Here’s my two cents…. allow for some quality time for the Body to interact with herself during the main meetings….. maybe also a little Q&A after the study. This type of meeting would reduce the “nobody knows each other” factor, which is a true tragedy in the Church. Arrange the seating so we can see each other as we relate to each other. This kind of change would probably be looked on as “heresy” by those of us bound by our own traditions, but I honestly believe it would help make a positive difference in real fellowship…. which is much needed now. A few creative surprises on Sunday mornings would get our blood circulating from age=old patterns that don’t always need to be perpetuated just because “that’s the way we’ve always done it” …,r

    • Jon Langley
      Jon Langley says:

      Ralph — one of the participants of this blog, Bill Walden (maybe he’ll chime in) does a Q&A via text message. I really like that and have heard good things from him about it.

      When you mentioned re-arranging the seating so we can see each other I thought of some of the old cathedrals I’ve seen that are narrow with benches on either side of the main aisle that face each other rather than front (not sure if those are for the choir or parishioners, but that’s what it made me think of).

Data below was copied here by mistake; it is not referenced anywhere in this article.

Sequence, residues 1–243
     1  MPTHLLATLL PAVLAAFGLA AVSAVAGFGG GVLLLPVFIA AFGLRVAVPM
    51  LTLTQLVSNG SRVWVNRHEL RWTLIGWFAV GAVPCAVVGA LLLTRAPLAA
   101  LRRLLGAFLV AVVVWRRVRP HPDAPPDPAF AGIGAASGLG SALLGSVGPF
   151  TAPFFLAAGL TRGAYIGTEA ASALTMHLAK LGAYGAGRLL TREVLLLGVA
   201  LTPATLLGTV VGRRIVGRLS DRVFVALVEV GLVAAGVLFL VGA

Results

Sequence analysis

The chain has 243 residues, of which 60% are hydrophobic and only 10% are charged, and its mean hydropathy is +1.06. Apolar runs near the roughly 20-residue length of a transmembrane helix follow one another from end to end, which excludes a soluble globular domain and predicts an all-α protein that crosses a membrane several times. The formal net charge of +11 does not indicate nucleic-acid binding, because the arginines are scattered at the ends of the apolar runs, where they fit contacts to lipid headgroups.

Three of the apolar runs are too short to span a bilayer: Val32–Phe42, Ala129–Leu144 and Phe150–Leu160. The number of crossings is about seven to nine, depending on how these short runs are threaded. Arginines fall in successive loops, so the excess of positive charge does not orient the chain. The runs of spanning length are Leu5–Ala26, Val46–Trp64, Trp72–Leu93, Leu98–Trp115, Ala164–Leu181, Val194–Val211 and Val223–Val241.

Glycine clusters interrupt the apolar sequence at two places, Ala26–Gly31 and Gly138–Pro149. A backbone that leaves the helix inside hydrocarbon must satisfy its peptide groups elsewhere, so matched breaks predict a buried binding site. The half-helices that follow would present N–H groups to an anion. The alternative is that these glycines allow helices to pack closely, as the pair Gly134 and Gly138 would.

Those are good ideas.

  4. Jon Langley
    Jon Langley says:

    So far a few have commented who clearly believe that there is no Biblically mandated “normal” when it comes to the style or liturgy employed in making disciples, keeping fellowship, breaking bread in remembrance, and baptising believers . I obviously lean that way myself.

    So let me ask these SPECIFIC QUESTIONS and see what the specific answers are from men in different countries, of different ages and experiences, with varying sizes of fellowships.

    (1) Other than tradition (“because that’s how we do it”), why do you as a pastor/elder/church leader organise your liturgy in such a way as to have approximately _______ minutes of worship/hymns/music and ________ minutes of teaching? (fill in the blanks with your liturgy)

    (2) Other than tradition, why is there only one “main meeting” per week? (You don’t need to explain the significance of Sunday, just the reason for only one main meeting if that’s the case for you, and by “main meeting” I mean the typical American Sunday church service with all the bells and whistles).

    (3) Other than tradition, why doesn’t prayer share just as large a share of the meeting as singing and teaching? (assuming that’s the case for you)

    In other words, if “normal” is flexible for each fellowship, how is your liturgy the most effective way (for you) of being the Church and fulfilling the calling of the Church?

  5. Bill Holdridge
    Bill Holdridge says:


    The pastor-teacher is constantly challenged by this very question as it relates to the actual practice of the church he serves.